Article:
The Associated Press reports that the Obama administration said on Friday the Justice Department closed an ethics investigation of former Interior Secretary Gale Norton.
The Wall Street Journal reports that Norton accepted a job a job with Shell several months after leaving her government post as Interior Secretary. The current inspector general of the Interior department, Mary Kendall said that the federal agency "appeared to give preferential treatment" to Royal Dutch Shell when the company pursued drilling leases in 2005 and 2006.
The Wall Street Journal reports that investigators found no evidence that Shell broke the law or that former Secretary Gale Norton broke federal conflict-of-interest laws.
The Associated Press reports that Norton was of using her position to direct oil leases to Royal Dutch Shell PLC. Kendall said Interior appeared to give Shell preferential treatment in at least two instances, but she could not link either case to Norton.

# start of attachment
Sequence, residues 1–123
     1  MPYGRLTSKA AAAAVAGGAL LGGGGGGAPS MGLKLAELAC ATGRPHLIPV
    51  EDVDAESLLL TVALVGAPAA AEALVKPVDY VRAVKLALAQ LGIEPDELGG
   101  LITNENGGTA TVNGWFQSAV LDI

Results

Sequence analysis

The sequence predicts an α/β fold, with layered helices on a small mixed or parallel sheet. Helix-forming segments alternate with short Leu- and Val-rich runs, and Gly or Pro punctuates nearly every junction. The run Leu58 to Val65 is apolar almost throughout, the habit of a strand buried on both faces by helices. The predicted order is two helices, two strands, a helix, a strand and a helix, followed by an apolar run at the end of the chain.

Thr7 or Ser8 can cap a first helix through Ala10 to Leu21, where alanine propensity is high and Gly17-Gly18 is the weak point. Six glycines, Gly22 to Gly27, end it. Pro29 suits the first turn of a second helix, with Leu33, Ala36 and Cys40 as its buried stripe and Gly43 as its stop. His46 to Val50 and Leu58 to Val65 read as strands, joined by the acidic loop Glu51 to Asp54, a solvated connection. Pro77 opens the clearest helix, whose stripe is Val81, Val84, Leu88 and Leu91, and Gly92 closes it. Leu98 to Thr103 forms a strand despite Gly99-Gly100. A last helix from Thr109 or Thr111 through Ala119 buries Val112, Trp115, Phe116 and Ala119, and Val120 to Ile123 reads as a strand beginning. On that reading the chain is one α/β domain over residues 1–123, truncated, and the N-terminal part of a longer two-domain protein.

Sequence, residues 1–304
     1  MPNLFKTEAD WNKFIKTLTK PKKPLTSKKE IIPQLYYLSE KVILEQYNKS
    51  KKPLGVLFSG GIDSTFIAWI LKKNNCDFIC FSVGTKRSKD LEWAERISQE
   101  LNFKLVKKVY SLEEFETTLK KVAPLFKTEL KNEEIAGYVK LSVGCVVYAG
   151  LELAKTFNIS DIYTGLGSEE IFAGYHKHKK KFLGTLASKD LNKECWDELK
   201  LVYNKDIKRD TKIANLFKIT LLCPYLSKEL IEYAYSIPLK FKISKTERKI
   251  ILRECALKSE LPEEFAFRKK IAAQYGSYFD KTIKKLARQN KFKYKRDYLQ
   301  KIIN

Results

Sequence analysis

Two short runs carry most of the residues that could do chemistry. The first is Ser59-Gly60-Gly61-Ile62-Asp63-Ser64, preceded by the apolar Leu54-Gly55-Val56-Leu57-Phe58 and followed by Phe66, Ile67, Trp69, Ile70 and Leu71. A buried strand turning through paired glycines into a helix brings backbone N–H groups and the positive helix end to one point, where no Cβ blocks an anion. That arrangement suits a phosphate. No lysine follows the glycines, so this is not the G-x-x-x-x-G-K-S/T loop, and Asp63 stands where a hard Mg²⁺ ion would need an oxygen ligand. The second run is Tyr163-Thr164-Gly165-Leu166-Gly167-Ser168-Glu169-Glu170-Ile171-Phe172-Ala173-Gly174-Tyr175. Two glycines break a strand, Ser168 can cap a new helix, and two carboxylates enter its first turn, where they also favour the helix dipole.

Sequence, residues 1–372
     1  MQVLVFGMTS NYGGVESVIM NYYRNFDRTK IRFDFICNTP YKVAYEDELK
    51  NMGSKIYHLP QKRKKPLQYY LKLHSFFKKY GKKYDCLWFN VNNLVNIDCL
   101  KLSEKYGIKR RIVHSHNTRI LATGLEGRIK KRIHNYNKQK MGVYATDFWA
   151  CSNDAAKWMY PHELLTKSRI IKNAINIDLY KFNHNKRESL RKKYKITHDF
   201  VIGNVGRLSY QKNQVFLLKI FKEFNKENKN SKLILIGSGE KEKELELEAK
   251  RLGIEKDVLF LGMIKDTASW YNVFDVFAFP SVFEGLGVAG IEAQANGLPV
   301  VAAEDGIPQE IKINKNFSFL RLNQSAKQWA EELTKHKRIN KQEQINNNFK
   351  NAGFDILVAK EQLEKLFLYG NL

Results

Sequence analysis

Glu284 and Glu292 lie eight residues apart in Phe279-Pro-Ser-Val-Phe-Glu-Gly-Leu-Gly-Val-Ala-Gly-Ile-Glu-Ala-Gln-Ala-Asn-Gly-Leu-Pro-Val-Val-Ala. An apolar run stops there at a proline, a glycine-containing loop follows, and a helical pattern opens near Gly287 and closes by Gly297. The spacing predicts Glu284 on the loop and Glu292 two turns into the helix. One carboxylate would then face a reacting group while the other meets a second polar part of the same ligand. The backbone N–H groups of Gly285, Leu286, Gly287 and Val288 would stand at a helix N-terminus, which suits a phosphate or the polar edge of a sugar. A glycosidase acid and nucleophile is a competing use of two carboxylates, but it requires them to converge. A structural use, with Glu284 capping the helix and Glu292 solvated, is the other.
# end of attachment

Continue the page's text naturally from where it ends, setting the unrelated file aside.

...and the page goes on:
The Wall Street Journal reports that Shell benefitted from several "irregularities" from their leases. All three of the bids that Shell submitted were rewarded, whereas other companies were advised by employees of the U.S. Bureau of Land Management they could only submit one bid.
The Wall Street Journal reports that the U.S. Office of Government Ethics Report concluded Norton had "played a significant role" in the oil share program and her "participation in the program should subject her to the lifetime ban on communicating with federal government regarding the program.